Keyhole surgery is particularly difficult, so good training for surgeons is essential. Tim Horeman has improved several aspects of this training. He has demonstrated that force and motion measurements give an objective assessment of a surgeon's skills, and that direct feedback on the force applied enhances the learning effect. On Tuesday 1 April, Horeman will be awarded his PhD at TU Delft for his work on the subject.
Keyhole surgery has a major advantage over 'normal' surgery, namely that it is less invasive for the patient. However, the disadvantage is that this type of surgery is more difficult for the surgeon, and good training is therefore even more important. Tim Horeman's PhD research focused on improving training systems for exploratory surgery in the abdominal cavity (laparoscopy), and specifically using the 'box trainer'. This is a sort of box in which the surgeon can use instruments to practice a number of basic skills, such as grasping, moving and suturing tissue.
'In laparoscopic surgery, special instruments with a long, slender shaft are inserted through small incisions in the abdominal wall. The long slender instruments combined with friction and the resistance of the abdominal wall make it difficult to assess the tissue manipulation force,' explains Horeman. 'The aim of my research was therefore to develop systems that measure the force applied during training, and to combine motion measurements and force measurements to provide an objective assessment of the trainee's basic skills. A further aim was to develop force feedback systems in order to improve force application during training.'
'The first part of my research focuses on the force exerted by the instrument tips during surgical suture tasks. In many training programmes, the suture task is used to test the technical skills of the trainee. We were able to measure the force applied during suture procedures by placing a force sensor in the training box. We also showed that force data can be used to calculate performance parameters that accurately reflect the surgeon's skills. If only force data are used, it is possible to distinguish between surgeons and beginners with an accuracy of more than 80%.'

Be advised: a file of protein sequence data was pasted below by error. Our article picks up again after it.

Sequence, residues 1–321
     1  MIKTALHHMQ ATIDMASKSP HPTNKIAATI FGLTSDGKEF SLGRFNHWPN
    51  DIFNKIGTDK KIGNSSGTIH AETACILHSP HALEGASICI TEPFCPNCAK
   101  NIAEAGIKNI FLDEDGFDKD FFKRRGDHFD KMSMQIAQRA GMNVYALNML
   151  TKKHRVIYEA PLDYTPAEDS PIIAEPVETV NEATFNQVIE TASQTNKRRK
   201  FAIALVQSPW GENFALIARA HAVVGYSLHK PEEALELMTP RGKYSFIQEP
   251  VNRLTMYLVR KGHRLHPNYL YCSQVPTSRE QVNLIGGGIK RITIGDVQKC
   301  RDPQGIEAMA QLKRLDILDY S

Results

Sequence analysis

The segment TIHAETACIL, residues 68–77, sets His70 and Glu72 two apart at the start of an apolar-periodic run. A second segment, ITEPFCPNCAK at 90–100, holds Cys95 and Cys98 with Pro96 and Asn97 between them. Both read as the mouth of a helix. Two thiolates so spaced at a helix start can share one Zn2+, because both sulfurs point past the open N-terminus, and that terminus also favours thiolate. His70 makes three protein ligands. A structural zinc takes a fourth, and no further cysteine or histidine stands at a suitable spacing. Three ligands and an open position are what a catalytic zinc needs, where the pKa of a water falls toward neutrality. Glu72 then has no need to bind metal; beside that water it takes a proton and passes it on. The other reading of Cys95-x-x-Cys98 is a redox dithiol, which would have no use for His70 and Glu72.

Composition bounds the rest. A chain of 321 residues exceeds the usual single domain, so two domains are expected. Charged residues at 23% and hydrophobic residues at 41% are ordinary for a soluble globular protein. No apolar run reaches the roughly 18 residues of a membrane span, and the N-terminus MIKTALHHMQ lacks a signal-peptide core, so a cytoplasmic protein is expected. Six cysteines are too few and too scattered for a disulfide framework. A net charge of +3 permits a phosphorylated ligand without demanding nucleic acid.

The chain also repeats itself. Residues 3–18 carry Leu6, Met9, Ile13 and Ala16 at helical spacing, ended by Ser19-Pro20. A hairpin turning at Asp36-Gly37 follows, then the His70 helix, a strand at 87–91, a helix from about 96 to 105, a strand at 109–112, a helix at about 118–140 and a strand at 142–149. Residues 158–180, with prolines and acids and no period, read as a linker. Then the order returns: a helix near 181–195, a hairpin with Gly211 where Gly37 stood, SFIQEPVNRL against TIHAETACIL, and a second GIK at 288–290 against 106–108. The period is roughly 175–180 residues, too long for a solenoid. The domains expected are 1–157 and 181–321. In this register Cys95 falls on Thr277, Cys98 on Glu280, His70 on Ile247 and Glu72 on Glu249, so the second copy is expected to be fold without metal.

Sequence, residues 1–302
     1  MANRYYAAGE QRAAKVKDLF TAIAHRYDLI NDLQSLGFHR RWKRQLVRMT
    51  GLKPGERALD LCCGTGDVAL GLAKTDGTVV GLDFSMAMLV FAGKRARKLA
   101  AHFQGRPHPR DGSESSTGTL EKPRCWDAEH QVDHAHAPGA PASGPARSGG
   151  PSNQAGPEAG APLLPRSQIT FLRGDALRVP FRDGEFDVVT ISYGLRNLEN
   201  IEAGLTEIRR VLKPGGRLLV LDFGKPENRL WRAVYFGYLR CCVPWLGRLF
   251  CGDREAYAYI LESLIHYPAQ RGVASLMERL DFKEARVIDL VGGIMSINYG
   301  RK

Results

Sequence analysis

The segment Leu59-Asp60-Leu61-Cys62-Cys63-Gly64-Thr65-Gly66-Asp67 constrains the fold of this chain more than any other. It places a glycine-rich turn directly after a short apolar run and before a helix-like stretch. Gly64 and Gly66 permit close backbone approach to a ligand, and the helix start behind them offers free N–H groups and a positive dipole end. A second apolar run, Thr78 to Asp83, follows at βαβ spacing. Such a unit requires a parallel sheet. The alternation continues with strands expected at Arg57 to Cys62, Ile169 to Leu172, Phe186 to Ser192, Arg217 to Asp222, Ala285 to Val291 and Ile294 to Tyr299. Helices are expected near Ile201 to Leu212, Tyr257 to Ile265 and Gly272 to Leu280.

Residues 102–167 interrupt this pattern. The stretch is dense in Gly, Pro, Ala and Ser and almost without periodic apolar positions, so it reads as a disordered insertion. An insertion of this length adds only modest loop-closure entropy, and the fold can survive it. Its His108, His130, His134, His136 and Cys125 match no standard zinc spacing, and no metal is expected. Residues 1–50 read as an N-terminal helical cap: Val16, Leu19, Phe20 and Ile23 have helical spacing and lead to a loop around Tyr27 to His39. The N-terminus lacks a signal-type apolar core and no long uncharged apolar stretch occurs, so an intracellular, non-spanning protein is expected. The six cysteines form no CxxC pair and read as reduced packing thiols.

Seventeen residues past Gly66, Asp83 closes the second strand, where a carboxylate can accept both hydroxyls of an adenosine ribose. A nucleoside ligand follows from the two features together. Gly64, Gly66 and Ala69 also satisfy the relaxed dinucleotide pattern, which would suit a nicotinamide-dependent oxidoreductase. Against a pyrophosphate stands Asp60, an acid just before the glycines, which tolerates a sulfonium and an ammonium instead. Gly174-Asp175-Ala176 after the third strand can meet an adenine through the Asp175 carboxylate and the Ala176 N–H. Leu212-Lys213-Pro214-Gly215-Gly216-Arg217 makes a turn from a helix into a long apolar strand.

In the second part of his dissertation, Horeman describes, among other things, a method for reducing the force applied to tissue. 'We generated a virtual arrow in the existing laparoscopy image to show the trainee surgeon the size and direction of the force exerted during suturing. It turned out that this can help the trainee minimise the force applied in the placing and knot-tying of sutures.'
The final part of the research involved the development of ForMoST, a new box trainer that measures both tissue handling force and instrument motion. 'We developed two new bimanual tasks for the training box that are designed to train tissue manipulation skills. In a study involving beginners who were given virtual force feedback, the feedback was shown to reduce the force, with no negative effect on task time and instrument motion. We also saw that training with real-time visual feedback shortens the task time and improves instrument motion but does not reduce the tissue-manipulation force.'
Horeman conducted his research in close collaboration with medical specialists at Leiden University Medical Center (LUMC), University Medical Centre Rotterdam (Erasmus MC) and the Academic Medical Center (AMC in Amsterdam. Horeman also runs his own business. In 2009 he established MediShield, a company that develops instruments and sensors for medical use. At TU Delft, Tim now leads the Steerable Punch project, an international collaboration focusing on the development of a new steerable punch for arthroscopy (keyhole surgery in joints).
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View the dissertation "Force-Based Assessment of Tissue Handling Skills" here: repository.tudelft.nl/view/ir/uuid%3A0fdc13c0-af9a-4f67-96f5-28107bbec3c0/